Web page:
EconPapers    
Economics at your fingertips  
 

All in the family? CEO choice and firm organization

Renata Lemos and Daniela Scur ()

LSE Research Online Documents on Economics from London School of Economics and Political Science, LSE Library

Abstract: Family firms are the most prevalent firm type in the world, particularly in emerging economies. Dynastic family firms tend to have lower productivity, though what explains their underperformance is still an open question. We collect new data on CEO successions for over 800 firms in Latin America and Europe to document their corporate governance choices and, crucially, provide causal evidence on the effect of dynastic CEO successions on the adoption of managerial best practices tied to improved productivity. Specifically, we establish two key results. First, there is a preference for male heirs: when the founding CEO steps down they are 30pp more likely to keep control within the family when they have a son. Second, instrumenting with the gender of the founder’s children, we estimate dynastic CEO successions lead to 0.8 standard deviations lower adoption of managerial best practices, suggesting an implied productivity decrease of 5 to 10%. To guide our discussion on mechanisms, we build a model with two types of CEOs (family and professional) who decide whether to invest in better management practices. Family CEOs cannot credibly commit to firing employees without incurring reputation costs. This induces lower worker effort and reduces the returns to investing in better management. We find empirical evidence that, controlling for lower skill levels of managers, reputational costs constrain investment in better management.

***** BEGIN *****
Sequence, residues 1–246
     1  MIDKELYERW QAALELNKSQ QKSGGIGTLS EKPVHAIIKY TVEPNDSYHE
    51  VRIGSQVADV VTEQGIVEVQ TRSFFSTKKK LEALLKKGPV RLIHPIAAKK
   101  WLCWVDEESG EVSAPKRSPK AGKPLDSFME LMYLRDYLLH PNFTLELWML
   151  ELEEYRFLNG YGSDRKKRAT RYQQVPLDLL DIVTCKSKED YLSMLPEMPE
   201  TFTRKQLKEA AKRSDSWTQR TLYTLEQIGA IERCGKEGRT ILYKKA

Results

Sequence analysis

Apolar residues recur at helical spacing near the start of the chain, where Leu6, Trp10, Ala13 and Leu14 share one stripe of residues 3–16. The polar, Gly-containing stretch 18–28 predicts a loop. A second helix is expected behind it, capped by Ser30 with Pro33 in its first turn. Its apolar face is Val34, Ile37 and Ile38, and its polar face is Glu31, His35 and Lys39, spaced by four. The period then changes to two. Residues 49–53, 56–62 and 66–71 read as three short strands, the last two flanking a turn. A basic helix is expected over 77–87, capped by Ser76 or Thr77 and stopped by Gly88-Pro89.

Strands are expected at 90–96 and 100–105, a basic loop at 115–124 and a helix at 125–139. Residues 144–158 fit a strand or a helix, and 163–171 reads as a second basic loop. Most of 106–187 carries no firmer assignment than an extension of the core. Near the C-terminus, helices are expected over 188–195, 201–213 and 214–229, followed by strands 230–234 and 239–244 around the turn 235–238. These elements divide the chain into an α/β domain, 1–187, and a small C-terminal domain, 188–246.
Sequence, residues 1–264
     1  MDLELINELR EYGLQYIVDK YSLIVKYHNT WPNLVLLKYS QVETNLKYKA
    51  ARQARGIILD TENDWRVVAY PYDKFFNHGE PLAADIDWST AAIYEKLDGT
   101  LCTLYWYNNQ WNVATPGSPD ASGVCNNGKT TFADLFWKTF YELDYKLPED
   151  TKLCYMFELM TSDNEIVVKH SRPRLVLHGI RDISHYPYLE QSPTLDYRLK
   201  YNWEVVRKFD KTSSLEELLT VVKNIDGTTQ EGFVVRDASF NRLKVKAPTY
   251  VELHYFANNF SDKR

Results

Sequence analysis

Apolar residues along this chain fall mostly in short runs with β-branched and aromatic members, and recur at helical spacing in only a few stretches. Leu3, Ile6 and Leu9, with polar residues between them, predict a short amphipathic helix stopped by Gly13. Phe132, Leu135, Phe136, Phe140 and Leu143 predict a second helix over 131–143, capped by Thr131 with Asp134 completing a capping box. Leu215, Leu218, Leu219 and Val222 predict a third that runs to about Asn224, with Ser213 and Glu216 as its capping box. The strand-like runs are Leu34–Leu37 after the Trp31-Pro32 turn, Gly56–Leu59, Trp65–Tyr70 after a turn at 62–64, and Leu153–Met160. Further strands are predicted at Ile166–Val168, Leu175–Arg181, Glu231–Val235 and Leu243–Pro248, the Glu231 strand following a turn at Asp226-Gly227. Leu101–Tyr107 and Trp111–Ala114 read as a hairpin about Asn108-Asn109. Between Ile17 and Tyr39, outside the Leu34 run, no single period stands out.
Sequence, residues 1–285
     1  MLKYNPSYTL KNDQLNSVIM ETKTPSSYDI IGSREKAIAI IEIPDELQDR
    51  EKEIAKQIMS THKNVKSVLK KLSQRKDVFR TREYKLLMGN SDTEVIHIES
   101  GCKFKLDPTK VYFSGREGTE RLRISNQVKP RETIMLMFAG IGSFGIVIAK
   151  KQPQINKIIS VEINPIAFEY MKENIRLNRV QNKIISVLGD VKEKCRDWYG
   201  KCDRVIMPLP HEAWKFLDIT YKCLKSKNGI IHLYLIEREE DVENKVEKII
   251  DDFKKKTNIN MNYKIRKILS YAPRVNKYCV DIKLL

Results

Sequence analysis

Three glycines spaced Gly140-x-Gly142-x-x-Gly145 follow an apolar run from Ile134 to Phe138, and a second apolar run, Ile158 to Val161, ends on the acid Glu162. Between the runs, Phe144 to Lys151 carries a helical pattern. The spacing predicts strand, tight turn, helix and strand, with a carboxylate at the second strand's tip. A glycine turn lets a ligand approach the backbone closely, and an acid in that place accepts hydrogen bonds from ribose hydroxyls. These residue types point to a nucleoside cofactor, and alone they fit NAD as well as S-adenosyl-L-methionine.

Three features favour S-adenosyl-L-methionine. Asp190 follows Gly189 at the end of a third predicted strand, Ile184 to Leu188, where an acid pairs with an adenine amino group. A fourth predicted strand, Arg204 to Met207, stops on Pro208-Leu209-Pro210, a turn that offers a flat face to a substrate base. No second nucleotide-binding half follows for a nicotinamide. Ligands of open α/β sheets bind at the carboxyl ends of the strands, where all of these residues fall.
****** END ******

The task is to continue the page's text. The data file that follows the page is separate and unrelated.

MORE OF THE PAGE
Keywords: CEO; family firms; organisation; emerging economies (search for similar items in EconPapers)
JEL-codes: L2 M11 (search for similar items in EconPapers)
New Economics Papers: this item is included in nep-bec, nep-cfn and nep-hrm
Date: 2018-01-01
References: View references in EconPapers View complete reference list from CitEc
Citations: Track citations by RSS feed

Downloads: (external link)
http://eprints.lse.ac.uk/88679/ Open access version. (application/pdf)

Related works:
Working Paper: All in the Family? CEO Choice and Firm Organization (2018) Downloads
This item may be available elsewhere in EconPapers: Search for items with the same title.

Export reference: BibTeX RIS (EndNote, ProCite, RefMan) HTML/Text

Persistent link: https://EconPapers.repec.org/RePEc:ehl:lserod:88679

Access Statistics for this paper

More papers in LSE Research Online Documents on Economics from London School of Economics and Political Science, LSE Library LSE Library Portugal Street London, WC2A 2HD, U.K.. Contact information at EDIRC.
Bibliographic data for series maintained by LSERO Manager ().

 
Page updated 2019-11-12
Handle: RePEc:ehl:lserod:88679